The proposed move is a reckless provocation.
By Palestinian Square
December 14, 2016
“With all that Jerusalem connotes, it is, to say the least, unbecoming for the United States’ future embassy in that city to be built on land that is stolen property.”
Kellyanne Conway, President-elect Donald Trump’s campaign manager, has stated that relocating the US Embassy from Tel Aviv to Jerusalem is a “a big priority” for the incoming administration. She added, “It is something that our friend in Israel, a great friend in the Middle East, would appreciate and something that a lot of Jewish-Americans have expressed their preference for.”
Meanwhile, in a passage that has since been removed from the online article, the Times of Israel has reported that the Trump transition team “has begun exploring the logistics of moving the US Embassy from Tel Aviv, and checking into sites for its intended new location,” adding that the site being considered was formerly the location of the Allenby Barracks, the site of the British army’s Jerusalem garrison during the Mandate.
However, as is revealed by Walid Khalidi’s SPECIAL REPORT on the subject, originally published in the Journal of Palestine Studies, the site being considered is Palestinian private property stolen from its owners, including the waqf [an endowment made to a religious, educational, or charitable cause] property of several families. He points out that the move would recklessly violate US and international law and have the following impact:
- The law of belligerent occupation applies to Jerusalem. Neither Israeli nor American laws have a bearing on the status of Jerusalem as an occupied city. Moving the embassy will not change the fact that Israel is the occupier, would contradict the stand taken by every US administration since 1967, and would violate international law and UN resolutions. These include 1980 UN Security Council resolution 478, which declared Israel’s announcement of Jerusalem as its capital “null and void.”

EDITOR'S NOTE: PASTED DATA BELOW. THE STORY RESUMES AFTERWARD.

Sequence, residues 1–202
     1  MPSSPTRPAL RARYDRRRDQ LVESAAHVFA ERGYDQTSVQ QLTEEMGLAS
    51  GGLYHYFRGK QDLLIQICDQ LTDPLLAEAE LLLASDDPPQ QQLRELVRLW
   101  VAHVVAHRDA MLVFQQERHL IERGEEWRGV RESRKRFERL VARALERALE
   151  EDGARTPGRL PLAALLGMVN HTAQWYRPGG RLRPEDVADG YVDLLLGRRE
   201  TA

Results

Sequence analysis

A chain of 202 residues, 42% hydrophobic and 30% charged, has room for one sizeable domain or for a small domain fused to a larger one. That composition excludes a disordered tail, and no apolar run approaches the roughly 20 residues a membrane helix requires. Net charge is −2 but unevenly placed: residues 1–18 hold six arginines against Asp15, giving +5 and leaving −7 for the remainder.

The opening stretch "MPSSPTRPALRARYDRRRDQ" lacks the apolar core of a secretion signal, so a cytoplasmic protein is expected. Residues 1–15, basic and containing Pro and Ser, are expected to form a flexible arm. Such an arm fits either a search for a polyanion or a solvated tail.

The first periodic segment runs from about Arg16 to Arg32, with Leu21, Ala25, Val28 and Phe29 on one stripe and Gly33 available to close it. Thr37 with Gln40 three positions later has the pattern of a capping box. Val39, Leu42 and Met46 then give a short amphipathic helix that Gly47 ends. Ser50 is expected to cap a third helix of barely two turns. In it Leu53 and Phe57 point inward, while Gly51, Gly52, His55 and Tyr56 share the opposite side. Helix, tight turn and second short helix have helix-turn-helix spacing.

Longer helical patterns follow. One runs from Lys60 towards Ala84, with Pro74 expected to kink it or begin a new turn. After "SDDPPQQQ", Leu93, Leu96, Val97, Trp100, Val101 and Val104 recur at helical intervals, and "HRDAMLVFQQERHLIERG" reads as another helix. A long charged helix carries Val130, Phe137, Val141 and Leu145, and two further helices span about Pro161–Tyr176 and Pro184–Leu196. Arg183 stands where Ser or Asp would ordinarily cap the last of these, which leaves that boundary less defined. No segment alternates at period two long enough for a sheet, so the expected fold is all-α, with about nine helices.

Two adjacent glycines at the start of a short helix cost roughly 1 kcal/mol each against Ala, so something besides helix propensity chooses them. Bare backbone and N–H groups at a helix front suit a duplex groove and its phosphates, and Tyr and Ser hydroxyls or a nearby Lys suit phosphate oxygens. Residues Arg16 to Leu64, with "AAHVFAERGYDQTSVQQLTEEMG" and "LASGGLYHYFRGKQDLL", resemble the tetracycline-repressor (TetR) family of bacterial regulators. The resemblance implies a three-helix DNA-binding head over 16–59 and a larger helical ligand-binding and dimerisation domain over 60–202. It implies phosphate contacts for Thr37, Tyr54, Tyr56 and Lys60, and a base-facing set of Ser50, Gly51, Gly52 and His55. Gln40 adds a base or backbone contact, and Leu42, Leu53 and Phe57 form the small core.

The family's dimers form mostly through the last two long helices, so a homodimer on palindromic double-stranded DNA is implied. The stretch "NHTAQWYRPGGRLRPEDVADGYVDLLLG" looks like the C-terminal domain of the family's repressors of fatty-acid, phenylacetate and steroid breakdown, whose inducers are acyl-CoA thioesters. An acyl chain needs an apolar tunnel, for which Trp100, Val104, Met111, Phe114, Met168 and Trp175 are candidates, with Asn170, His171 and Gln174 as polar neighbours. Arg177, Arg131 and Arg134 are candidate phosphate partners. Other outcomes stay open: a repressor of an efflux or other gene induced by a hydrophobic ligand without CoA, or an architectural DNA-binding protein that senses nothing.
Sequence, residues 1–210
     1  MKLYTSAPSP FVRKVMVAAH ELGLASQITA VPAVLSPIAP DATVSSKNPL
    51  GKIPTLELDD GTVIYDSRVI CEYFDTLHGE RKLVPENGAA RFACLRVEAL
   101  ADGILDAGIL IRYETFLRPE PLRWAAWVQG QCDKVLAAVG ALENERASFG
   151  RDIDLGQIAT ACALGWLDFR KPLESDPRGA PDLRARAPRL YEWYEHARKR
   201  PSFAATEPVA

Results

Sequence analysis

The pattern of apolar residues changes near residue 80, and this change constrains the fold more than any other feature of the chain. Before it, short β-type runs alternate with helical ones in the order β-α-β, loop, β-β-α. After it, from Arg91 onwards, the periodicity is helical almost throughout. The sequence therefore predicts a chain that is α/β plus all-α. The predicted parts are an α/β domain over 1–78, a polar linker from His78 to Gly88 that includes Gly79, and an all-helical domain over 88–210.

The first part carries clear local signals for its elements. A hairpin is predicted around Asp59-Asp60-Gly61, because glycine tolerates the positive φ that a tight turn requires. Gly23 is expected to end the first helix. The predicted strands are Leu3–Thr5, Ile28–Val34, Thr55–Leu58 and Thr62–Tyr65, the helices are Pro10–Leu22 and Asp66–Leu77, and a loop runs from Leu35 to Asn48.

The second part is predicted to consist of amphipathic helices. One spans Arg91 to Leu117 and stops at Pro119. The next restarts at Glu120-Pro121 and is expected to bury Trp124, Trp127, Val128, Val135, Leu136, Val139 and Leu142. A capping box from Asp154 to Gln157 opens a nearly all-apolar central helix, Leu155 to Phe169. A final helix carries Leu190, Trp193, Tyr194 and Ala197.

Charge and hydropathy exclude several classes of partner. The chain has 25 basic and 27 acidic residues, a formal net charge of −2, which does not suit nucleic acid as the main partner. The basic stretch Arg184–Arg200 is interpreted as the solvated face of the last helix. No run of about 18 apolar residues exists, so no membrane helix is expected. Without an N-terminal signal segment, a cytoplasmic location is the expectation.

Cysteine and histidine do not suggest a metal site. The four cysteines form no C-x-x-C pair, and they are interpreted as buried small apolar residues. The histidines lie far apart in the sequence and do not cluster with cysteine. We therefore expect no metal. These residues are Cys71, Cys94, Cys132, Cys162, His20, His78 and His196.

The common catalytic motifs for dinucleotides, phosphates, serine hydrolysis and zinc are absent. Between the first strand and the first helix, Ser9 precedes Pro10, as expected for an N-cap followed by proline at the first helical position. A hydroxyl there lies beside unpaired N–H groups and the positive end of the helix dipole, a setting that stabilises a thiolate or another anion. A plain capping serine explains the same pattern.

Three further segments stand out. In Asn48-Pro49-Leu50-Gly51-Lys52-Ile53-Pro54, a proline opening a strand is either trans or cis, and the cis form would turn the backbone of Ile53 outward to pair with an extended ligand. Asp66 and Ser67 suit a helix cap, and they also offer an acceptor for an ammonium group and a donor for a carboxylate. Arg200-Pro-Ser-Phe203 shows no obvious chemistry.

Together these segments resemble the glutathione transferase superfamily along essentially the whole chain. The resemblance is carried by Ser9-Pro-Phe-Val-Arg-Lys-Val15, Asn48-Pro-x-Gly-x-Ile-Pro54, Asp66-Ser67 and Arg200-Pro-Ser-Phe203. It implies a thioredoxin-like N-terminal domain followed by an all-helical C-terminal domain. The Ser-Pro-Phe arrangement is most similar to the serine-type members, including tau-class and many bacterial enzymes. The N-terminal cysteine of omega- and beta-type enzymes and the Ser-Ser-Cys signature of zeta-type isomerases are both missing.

- On 18 January 1989 a Land Lease and Purchase Agreement was signed between the Israel and US, for land serving as a US embassy site in what was known as the Allenby Barracks. Much of the land in this area belongs to Palestinian refugees, including privately owned and waqf land. He notes: “with all that Jerusalem connotes, it is, to say the least, unbecoming for the United States’ future embassy in that city to be built on land that is stolen property.”
- On 21 July 1989, Francis A. Boyle of the University of Illinois wrote a memorandum on the legal implications of the lease agreement, arguing that the expropriation of waqf or private property in Jerusalem was illegal; that the lease agreement itself was illegal; and that Congress is legally barred from providing funds for the implementation of the agreement.
- Relocating the embassy means endorsing the Israeli occupation of Jerusalem, and predetermining the fate of Jerusalem in a final status solution. This endorsement includes acceptance of Israel’s illegally built settlements and the wholesale confiscation of Palestinian refugee property.